Did you break your marijuana habit for days, weeks, or even months at a time only to find yourself smoking some weed one day and then falling back into to same old pattern of pot smoking?
Marijuana relapse is not unusual so don’t beat yourself up too much. You just need a strategy to get back on track with your life.
Below is my own personal account of relapse. Hopefully, there’s something to be learned to apply in your own life.
Time for honesty…
I ended my weed habit on a very symbolic date: 4/20/14. On the high holy day of weed smoking, I was renouncing my religion. I had been tapering off my usage already and I picked this day to end it once and for all. I was finally so disgusted with my habit that quitting didn’t seem so hard. Plus, the instructions I had been following in Quit Marijuana The Complete Guide eased me into it.
I went through spring and summer 100% free of marijuana and I felt the benefits. I had more energy, I was more productive, and that old mental fog had lifted. It felt good. I was happy with myself. Life was back on track. I felt like I was cruising with this weed free thing. I had even hung out with pothead friends a time or two without feeling the need to smoke anything myself.
Then a moment of weakness came along. It was the last Saturday of October and I was looking forward to a carefree weekend. It was a sunny but breezy autumn day, the leaves were rustling outside, there were Halloween parties to go to, and plenty of football games on TV. The only thing related to work I needed to do was wash a couple of loads of clothes.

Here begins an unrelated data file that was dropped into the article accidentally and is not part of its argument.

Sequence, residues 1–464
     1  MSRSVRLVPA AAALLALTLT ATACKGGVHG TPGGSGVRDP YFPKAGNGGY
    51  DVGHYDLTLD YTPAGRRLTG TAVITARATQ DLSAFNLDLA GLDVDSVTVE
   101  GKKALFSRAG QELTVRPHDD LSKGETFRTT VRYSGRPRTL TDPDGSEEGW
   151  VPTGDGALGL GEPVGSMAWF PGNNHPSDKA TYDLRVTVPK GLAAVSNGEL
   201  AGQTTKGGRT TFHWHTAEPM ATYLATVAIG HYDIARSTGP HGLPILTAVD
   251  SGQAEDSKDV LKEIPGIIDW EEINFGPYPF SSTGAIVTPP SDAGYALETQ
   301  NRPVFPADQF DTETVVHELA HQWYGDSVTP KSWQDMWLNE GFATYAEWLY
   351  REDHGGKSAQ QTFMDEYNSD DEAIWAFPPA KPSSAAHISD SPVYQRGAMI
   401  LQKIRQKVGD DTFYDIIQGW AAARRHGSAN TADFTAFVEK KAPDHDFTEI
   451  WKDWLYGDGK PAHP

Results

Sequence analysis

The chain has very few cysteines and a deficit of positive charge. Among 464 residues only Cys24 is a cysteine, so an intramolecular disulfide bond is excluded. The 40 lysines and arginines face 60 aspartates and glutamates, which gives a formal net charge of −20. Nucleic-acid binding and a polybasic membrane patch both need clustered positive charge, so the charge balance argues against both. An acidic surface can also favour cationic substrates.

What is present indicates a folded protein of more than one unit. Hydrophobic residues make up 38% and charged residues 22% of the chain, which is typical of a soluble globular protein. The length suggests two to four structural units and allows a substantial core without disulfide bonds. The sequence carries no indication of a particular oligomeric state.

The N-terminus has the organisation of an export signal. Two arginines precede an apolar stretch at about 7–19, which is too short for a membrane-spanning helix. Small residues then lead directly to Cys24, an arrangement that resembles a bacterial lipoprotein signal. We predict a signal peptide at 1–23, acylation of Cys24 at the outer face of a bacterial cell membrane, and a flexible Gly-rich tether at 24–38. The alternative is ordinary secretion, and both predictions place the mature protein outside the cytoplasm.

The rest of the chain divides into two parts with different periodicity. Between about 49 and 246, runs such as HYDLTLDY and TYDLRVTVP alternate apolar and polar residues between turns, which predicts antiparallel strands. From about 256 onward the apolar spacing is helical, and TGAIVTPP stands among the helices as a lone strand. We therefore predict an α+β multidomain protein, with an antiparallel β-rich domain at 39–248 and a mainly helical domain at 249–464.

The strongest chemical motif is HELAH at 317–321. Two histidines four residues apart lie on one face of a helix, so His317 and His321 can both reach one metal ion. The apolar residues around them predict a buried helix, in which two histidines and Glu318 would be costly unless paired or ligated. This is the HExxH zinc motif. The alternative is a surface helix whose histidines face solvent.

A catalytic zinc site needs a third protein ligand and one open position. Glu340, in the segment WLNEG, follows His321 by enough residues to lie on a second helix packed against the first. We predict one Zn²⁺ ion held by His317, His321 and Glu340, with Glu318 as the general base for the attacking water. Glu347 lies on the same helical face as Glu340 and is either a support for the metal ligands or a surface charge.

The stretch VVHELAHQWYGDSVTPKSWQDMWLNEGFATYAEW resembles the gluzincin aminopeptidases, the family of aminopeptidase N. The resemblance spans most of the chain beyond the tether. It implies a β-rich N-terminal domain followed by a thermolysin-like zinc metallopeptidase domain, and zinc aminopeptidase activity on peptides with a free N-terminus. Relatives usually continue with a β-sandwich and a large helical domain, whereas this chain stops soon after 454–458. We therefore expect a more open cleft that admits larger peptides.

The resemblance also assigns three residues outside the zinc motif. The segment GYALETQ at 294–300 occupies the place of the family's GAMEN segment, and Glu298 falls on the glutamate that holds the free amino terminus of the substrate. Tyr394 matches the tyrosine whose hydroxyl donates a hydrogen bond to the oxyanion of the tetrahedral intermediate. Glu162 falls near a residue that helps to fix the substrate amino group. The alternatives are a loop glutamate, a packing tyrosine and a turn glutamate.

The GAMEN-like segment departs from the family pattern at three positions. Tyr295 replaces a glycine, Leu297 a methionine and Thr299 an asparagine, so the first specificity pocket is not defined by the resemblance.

So, after my first cup of coffee, I put in a load of clothes. I leave the laundry room and return a little while later to find water all over the floor. Damn. The drain for the washing machine was backed up. To make a long story short, I spent the next 6 hours unclogging the drain and cleaning up the aftermath. I was mad, tired, frustrated. My beautiful Saturday was ruined.
Then Came My Marijuana Relapse
So what did I do to salvage my weekend? I called my old weed dealer. (When I quit, I should have deleted his number from my cell phone.) I didn’t even think about what I was doing. All I can tell you is that by Saturday evening I was smoking pot, and plenty of it. I spent the better part of Sunday stoned as well.
The sad part of this tale is that I really didn’t feel bad about myself, not at the time anyway. I was kind of thinking that I’ve proven to myself that I can quit when I want to and having a little smoke every now and then isn’t such a terrible thing. That’s what I was thinking anyway….
I smoked continuously through the holidays…and through most of January. Now, this time, I didn’t smoke as heavily as I used to but I was doing it fairly consistently, as in 5 or 6 times a week. Right after Christmas was when I noticed the listlessness setting in again, the despondency, the lack of ambition, and the general disorganization of thought. Ugh, what was I doing??!!
So the last week of January and the first week of February, I began to taper off again. I resolved not to buy anymore marijuana, and I didn’t, but when I wanted to get high I was harvesting tiny little buds out of nooks and crannies, brushing the microscopic green specs out of my grinder , and finally scraping the resin out of my pipes and putting it into my dusty old vaporizer.
Did you notice in the last paragraph how much smoking paraphernalia I still had laying around? That was my other mistake besides keeping my dealer’s number. I should have destroyed all the tools I used to use to smoke pot and gotten rid of my stash when I quit smoking weed. As I was going back through the guide, I realized that I didn’t follow the instructions as thoroughly as I should have to sustain a weed free (productive and happy) lifestyle.
Anyway, I went six months without smoking weed. Then I relapsed for three months or so. Now I’m on my 35th day of not smoking at all. I will keep you updated through this blog as to how I’m doing and I hope you will comment on my posts and let me know how you’re doing as well.
Update 11/03/2015: I’m now nine months into freedom from weed dependence and feeling better than ever.